The pressure is on for Democratic progressives to win in the November elections. They have been arguing for years that they are the answer to declining turnout in the midterm elections. It is progressives that could excite young and minority voters who often stayed home. They could defeat the Republicans who relied on an older, whiter electorate to dominate in midterm elections.
The Democratic establishment, and Democratic voters, largely rejected that argument during the George W. Bush and Barack Obama administrations. Instead, the party nominated moderate candidates designed to win over swing voters who were certain to vote.
As an example, in four straight gubernatorial elections, from 2002 to 2014, Florida Democrats picked white moderates from the Tampa area as their standard-bearers in the nation’s fourth-largest state. But all four candidates lost.
This year, with the party at historic lows at the state level and President Trump in the White House, voters in Florida have made a much different choice. They nominated 39-year-old Andrew Gillum, the African-American mayor of Tallahassee who has promised to focus as much on turning voters out as on winning them over.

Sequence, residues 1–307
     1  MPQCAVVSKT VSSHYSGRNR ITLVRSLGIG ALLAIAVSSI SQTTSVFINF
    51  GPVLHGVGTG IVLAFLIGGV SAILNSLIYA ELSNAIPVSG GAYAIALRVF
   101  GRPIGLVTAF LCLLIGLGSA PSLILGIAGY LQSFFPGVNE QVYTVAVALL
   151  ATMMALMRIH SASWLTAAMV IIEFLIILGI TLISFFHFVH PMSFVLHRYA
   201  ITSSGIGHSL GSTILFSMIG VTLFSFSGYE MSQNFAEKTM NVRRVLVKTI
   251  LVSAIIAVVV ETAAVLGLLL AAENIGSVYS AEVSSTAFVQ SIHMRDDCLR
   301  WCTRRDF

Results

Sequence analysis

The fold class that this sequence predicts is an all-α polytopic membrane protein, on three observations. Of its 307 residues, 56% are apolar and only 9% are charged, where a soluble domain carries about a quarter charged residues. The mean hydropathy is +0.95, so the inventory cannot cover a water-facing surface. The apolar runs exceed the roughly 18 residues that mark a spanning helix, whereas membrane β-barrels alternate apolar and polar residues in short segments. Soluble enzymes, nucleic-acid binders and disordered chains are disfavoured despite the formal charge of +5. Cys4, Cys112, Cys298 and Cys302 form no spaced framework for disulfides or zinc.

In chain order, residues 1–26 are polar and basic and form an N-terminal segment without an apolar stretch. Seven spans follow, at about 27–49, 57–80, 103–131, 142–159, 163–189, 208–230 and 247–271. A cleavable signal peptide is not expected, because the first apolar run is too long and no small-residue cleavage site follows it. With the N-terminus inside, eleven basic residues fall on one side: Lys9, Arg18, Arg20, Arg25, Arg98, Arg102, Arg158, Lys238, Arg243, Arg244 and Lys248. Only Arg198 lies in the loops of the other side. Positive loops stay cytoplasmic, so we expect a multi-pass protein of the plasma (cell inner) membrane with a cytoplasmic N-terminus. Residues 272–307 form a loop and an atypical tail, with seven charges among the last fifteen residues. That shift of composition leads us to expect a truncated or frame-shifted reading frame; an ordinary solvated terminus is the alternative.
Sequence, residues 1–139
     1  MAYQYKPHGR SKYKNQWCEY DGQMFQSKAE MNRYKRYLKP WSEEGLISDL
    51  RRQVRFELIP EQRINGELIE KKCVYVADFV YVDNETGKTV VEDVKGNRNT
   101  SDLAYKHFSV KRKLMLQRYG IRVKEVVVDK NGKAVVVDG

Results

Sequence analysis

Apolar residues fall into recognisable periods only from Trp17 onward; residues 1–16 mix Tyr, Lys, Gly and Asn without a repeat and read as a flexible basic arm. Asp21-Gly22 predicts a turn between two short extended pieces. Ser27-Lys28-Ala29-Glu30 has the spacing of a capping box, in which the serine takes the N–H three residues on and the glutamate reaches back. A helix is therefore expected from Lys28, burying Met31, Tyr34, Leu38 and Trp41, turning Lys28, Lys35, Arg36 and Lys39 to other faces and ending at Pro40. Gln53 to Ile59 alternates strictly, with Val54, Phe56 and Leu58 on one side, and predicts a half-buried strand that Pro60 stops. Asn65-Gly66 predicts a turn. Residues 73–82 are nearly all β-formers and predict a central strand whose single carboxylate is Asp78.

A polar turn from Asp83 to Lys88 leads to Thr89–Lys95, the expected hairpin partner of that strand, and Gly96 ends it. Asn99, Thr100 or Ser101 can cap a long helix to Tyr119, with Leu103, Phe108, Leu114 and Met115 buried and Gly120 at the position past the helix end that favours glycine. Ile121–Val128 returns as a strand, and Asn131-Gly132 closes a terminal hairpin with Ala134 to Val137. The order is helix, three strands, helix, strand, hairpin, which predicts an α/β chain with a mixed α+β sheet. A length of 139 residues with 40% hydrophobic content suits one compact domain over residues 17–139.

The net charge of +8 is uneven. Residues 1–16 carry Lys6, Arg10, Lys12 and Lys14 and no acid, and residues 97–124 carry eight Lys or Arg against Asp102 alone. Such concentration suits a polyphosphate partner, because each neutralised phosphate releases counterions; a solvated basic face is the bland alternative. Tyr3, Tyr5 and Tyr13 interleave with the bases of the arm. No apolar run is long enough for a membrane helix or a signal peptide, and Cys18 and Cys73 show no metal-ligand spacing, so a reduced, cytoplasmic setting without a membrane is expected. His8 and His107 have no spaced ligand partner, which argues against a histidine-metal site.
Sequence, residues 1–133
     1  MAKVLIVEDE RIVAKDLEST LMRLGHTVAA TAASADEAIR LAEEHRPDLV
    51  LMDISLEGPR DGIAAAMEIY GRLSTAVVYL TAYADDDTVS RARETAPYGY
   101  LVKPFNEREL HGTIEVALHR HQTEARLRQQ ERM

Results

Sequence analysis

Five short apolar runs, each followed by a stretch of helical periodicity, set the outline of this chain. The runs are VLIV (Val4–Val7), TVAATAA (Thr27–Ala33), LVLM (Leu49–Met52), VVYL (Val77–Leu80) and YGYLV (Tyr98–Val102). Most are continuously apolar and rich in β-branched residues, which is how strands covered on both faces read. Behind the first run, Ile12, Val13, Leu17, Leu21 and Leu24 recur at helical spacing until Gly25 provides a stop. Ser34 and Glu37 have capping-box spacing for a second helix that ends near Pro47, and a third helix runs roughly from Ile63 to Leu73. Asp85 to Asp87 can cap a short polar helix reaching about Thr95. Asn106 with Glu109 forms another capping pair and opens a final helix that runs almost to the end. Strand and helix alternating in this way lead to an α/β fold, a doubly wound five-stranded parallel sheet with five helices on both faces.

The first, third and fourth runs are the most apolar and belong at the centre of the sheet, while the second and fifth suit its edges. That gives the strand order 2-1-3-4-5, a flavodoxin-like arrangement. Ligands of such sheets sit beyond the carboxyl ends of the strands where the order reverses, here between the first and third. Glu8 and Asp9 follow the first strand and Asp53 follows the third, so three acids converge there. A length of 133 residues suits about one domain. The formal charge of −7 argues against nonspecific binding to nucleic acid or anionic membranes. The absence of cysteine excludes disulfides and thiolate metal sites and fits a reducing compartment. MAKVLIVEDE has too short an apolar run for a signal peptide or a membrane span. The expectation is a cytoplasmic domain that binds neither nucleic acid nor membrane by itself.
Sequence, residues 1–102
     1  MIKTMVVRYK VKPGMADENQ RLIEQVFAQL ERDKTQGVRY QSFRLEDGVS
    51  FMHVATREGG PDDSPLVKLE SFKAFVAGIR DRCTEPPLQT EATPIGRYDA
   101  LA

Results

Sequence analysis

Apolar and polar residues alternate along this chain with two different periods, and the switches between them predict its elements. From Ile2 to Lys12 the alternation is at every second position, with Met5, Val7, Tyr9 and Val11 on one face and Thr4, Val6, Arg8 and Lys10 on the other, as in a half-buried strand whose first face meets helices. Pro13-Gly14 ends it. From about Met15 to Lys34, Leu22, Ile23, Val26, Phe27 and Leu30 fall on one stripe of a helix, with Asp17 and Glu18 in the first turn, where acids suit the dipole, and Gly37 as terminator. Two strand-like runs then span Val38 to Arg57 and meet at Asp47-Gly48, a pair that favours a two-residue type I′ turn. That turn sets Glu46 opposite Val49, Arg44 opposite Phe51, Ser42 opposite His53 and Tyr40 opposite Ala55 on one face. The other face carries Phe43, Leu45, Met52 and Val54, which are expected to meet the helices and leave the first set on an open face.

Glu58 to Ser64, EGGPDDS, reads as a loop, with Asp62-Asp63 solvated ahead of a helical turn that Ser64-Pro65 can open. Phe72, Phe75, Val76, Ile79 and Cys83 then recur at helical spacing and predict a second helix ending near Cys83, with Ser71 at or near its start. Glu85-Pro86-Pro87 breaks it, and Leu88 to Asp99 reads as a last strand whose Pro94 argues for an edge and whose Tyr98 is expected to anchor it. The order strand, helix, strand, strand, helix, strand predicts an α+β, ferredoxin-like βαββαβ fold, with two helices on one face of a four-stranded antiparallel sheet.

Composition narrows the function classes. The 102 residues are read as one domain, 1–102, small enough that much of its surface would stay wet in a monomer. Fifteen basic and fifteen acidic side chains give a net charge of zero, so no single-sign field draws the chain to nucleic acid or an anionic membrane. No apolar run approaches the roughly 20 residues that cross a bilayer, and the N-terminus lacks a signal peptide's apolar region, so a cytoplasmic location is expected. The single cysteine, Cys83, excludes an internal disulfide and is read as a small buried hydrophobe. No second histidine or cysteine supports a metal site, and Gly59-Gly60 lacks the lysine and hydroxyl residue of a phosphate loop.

This kind of choice has also happened in Georgia, where they picked state Rep. Stacey Abrams, who has built a career out of registering new voters; in Maryland, where Ben Jealous is banking on a blue wave; and in Arizona, where David Garcia is counting on the excitement of the possibility of the first Latino governor in 40 years to fire up Latino voters.
All four candidates are counting on a coalition of minority voters and white liberals as their path to victory. They also hope to win over suburban moderates turned off by Trump.
“Andrew Gillum’s massive upset victory tonight is an explosive development in the 2018 election that definitively proves that the New American Majority of people of color and progressive white voters are ready to deliver transformative results for candidates,” Charles Chamberlain, the executive director of the progressive group Democracy for America, said in a statement Tuesday night. “Tonight, Floridians made it clear that the time for fundamental progressive change in the Sunshine State is here.”